It should be appreciated that the seal formed between the housing 302 and the outer ring 340 is maintainable for a specific range of movement, the limits of which are defined by the shape and size of the housing 302 and the outer ring 340. For instance, a significant change in the orientation of the OPEP device 300 may cause the outer ring 340 to rotate relative to the housing 302 about the first gimbal 342 to a position where the cylindrical surface of the housing 302 and the spherical surface of the outer ring 340 are no longer in a sealing engagement.

Referring to FIGS. 22-25, a fourth embodiment of an OPEP device 400 is shown. In general, the OPEP device 400 comprises a cylindrical housing 402, a chamber inlet 404, a chamber outlet 406, and a mouthpiece 408. As shown in FIG. 23, the OPEP device 400 further comprises a channel assembly 416 that includes an inner sphere 438. The channel assembly 416 is cylindrically shaped and sized so that the housing 402 circumscribes the channel assembly 416 in a manner allowing the channel assembly 416 to rotate with respect to the housing 402. In this way, the channel assembly 416 and the inner sphere 438 are rotatable with respect to the housing 402 about an axis of rotation defined by a central axis of the housing 402 and the channel assembly 416. As previously explained, suitable low friction materials or a lubricant may be to aid the relative movement of the housing 402 and the channel assembly 416.

Turning to FIG. 24, a cross-sectional perspective view of the OPEP device 400 is shown. The channel assembly 416 of the OPEP device 400 further comprises a channel 418, an air flow regulator 420, a cup 436, and an inner sphere 438. The inner sphere 438 is connected to the channel assembly 416 by a gimbal 442 such that the inner sphere 438 is rotatable relative to the channel assembly 416 about an axis defined between the gimbal 442. As such, the inner sphere 438 and the channel 418 are rotatable in any direction with respect to the housing 402 about a center of rotation 428. In this embodiment, the center of rotation 428 is located at the intersection of the central axis of the housing 402 and the axis defined between the gimbal 442. Moreover, like the previously described OPEP devices, the weight of the air flow regulator 420 biases the channel 418 in the direction of gravity. Thus, as a user changes an orientation of the housing 402, the channel 418 moves relative to the housing 402 under the weight of the air flow regulator 420 such that the channel 418 maintains alignment with the direction of gravity, and in an orientation that permits the administration of OPEP therapy.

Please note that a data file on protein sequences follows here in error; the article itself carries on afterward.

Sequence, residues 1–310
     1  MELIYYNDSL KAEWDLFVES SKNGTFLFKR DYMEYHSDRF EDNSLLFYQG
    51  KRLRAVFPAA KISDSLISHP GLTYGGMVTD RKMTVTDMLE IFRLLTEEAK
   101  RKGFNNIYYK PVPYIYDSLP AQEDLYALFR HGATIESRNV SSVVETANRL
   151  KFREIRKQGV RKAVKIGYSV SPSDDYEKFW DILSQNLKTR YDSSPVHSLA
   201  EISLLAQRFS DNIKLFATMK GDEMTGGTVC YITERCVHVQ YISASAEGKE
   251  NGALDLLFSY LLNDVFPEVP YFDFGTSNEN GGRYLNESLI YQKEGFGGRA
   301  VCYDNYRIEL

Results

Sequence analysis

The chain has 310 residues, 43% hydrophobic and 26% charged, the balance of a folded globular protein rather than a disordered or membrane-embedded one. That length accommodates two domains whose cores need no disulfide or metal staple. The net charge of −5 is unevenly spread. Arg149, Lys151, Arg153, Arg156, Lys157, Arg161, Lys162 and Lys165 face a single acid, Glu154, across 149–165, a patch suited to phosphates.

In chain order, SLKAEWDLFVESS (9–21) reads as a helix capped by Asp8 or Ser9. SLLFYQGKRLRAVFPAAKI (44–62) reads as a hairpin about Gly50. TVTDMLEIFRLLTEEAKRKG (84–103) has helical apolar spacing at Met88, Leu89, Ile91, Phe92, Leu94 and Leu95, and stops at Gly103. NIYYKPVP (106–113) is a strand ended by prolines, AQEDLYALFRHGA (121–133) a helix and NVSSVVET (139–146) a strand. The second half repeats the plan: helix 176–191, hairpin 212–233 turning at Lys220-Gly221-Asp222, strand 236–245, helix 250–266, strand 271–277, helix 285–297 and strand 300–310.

Turning to FIG. 25, a different cross-sectional view of the OPEP device 400 is shown. The OPEP device 400 and the channel assembly 416 are configured to force exhaled air to pass through the channel 418 and out the chamber outlet 406 during the administration of OPEP therapy. However, because the OPEP device 400 shown in FIG. 18 does not include a nebulizer port, a user would have to inhale through a source external to the OPEP device 400, such as through his or her nose. Alternatively, the OPEP device 400 could include a separate inhalation valve to facilitate inhalation through the OPEP device 400. In all other aspects, the OPEP device 400 administers OPEP therapy in the same way as described above in relation to the OPEP device 100.

Referring to FIGS. 26-28, a fifth embodiment of an OPEP device 500 is shown. In general, the OPEP device 500 comprises a housing 502, a chamber inlet 504, a chamber outlet (not shown), and a mouthpiece 508. The OPEP device 500 further includes a window 554 for viewing a position of the channel assembly 516 (FIG. 26) relative to the housing 502. Although the window 554 may comprise a plate of transparent plastic or glass, the window could alternatively comprise an opening in the housing 502 and serve as the chamber outlet. Similar to the OPEP device 300, the channel assembly 516 is moveable relative to the housing 502 via an outer ring connected to the housing 502 by a first gimbal 542, which as shown in FIG. 26, are partially viewable from the exterior of the housing 502.